Summer Flowers That Make Great Indoor Flower Arrangements

Posted by Suzie Canale on Tue, Jul 03, 2018

Everything around us is up and blooming here in New England with beautiful foliage and flowers popping up from the green ground!  Whether we are growing our own summer beds or just enjoying someone else’s landscaping efforts, Bostonians are stopping often during their daily busy routines to embrace the beauty of summertime blossoms and the significant appeal they add to the view.  Personally, I love to check out what everyone else is cultivating in their yards, particularly varieties of blossoms that can be easily cut and transferred in to the home. Making your own arrangements during this time of year can be both rewarding and therapeutic, making it a popular past time for many.  Of course, there are certain blooms that are better for use in this hobby that browsers should be aware of when browsing the selection. Zinnias, hydrangeas and roses are some of the more dependable species but if you don’t see these where you live, there are plenty more to choose from. Be on the lookout for wild sweet pea, lavender, catmint, peonies, sunflowers, sedum, nasturtiums and yarrow if you don’t have issues with serious allergies.  Types that may be difficult to remove along with possibly shortening their lifespan are poppies, morning glories, scabiosa and lantana so be aware of what makes a great clipping as opposed to a bad.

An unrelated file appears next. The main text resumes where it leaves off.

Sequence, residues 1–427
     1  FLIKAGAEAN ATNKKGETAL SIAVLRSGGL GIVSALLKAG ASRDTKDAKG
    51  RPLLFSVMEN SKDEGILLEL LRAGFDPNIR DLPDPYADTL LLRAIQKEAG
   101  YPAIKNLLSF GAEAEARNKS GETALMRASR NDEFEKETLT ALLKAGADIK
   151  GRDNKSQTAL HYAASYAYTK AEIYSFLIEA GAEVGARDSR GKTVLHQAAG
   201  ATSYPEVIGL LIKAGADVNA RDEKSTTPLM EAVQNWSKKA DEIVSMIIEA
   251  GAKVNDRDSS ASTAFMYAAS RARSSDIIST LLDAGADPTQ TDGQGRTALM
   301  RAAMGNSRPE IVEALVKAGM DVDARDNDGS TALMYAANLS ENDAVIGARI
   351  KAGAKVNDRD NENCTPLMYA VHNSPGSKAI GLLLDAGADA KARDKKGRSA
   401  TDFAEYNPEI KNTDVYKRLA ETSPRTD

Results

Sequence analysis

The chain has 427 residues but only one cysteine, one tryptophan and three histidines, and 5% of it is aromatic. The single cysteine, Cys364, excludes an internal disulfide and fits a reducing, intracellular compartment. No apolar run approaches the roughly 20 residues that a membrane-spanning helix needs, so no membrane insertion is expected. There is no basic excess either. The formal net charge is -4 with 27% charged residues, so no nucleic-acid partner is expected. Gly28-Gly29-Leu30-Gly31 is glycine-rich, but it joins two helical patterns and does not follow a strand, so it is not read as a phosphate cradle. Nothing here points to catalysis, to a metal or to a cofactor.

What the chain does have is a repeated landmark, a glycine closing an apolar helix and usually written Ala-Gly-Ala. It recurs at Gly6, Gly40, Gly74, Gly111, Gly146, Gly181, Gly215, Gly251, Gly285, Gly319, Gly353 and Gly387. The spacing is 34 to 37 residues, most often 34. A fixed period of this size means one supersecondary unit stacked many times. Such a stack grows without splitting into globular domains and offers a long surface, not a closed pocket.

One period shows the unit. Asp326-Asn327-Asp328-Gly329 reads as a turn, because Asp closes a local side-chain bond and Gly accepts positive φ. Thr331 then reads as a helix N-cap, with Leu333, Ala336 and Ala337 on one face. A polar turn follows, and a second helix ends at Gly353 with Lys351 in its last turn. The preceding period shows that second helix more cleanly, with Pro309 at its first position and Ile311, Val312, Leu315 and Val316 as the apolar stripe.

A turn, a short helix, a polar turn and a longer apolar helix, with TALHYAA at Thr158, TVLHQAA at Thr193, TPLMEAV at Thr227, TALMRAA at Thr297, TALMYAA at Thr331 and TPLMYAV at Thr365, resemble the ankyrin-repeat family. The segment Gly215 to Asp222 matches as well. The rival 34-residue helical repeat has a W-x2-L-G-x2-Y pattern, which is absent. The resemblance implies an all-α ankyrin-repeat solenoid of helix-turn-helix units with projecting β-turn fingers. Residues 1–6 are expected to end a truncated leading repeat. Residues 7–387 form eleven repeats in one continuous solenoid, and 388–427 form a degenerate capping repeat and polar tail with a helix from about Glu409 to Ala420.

budget flowers

photo credit via aboutflowers.com